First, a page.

Engineering a vaccine against hemorrhagic septicemia
Hemorrhagic septicemia, caused by the bacteria Pasteurella multocida, is an acute and often fatal bacterial disease that primarily affects cattle and buffaloes in Asian and African countries.
Most Asian countries rank hemorrhagic septicemia as the most significant contagious disease in cattle and buffaloes. Globally, the disease is the second greatest killer of buffalo and the fifth greatest killer of cattle.
Epidemics of hemorrhagic septicemia can be economically devastating. Not only do they jeopardize livelihoods due to reduced animal production, they also impede the harvest of vital crops dependent on animal traction.
Challenges with current vaccines
Vaccination is the most efficient and cost-effective method to control hemorrhagic septicemia. However, current vaccines are often ineffective because they do not contain all of the many circulating bacterium variants, each requiring isolation and vaccine preparation to be effective.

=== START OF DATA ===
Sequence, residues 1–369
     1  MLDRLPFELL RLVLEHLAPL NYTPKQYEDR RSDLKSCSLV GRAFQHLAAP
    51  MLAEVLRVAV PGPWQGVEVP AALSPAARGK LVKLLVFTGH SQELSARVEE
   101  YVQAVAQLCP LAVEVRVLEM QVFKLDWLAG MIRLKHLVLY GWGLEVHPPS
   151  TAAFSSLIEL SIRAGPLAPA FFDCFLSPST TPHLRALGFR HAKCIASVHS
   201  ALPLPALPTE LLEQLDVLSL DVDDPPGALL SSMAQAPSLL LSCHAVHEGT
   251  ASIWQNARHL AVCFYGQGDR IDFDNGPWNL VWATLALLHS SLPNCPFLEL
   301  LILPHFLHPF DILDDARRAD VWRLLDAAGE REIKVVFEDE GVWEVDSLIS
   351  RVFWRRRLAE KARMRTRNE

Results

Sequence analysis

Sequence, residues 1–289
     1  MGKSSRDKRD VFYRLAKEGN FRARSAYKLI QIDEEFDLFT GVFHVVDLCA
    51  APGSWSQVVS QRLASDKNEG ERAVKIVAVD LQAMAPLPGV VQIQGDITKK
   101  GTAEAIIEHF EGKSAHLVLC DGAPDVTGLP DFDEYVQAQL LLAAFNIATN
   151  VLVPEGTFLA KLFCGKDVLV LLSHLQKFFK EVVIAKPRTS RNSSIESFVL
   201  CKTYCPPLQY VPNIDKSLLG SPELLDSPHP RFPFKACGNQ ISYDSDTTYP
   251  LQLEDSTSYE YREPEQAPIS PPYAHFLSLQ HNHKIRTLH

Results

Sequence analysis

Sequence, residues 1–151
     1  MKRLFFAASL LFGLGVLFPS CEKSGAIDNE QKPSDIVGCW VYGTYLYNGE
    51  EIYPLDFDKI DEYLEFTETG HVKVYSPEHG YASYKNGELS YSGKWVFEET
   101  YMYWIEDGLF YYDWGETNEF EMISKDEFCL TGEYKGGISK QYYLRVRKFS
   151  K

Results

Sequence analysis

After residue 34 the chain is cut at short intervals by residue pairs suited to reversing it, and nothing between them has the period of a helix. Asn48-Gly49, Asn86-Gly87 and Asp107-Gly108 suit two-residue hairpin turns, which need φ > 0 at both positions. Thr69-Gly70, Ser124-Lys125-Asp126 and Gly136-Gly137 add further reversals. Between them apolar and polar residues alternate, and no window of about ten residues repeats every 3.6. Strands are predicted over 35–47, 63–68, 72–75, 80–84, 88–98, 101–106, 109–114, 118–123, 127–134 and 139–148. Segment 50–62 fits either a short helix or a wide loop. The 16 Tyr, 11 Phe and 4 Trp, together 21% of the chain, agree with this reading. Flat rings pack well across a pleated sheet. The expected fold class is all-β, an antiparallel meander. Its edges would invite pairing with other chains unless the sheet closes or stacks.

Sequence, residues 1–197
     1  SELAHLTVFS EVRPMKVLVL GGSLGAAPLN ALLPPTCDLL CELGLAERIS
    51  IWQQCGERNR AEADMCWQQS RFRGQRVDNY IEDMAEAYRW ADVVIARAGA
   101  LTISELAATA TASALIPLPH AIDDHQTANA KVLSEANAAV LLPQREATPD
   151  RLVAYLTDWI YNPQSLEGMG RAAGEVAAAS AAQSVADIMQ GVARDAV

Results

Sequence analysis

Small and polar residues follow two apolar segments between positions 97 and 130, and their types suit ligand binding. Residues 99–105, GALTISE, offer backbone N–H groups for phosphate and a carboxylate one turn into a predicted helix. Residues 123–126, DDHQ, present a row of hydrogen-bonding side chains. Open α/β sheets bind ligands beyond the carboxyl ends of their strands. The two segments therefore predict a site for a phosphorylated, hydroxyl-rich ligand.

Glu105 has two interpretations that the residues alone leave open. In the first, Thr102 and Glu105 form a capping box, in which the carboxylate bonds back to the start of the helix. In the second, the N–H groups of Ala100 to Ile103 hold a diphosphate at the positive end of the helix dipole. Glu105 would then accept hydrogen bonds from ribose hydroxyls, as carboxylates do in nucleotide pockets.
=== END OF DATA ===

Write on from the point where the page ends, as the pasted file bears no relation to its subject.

In the first phase of this project, researchers achieved preliminary proof of concept and demonstrated that one molecule from the bacterium retains the capacity to protect cattle against hemorrhagic septicemia. The goal of the project’s second phase is to improve the performance and production of this molecule and to manufacture it on an industrial scale. Thus, the team will continue to use cutting-edge protein structural design to advance a new universal vaccine for hemorrhagic septicemia towards commercialization.
This project will design and test a vaccine capable of a cross-protective immune response against all serotypes of hemorrhagic septicemia in cattle. The vaccine is expected to be safer and effective for longer than existing commercial vaccines that consist of killed bacteria.
This project is a collaboration between the University of Calgary, the University of Toronto, and the National Veterinary Institute in Ethiopia.
Duration: 28 months
Budget: CA$1.5 million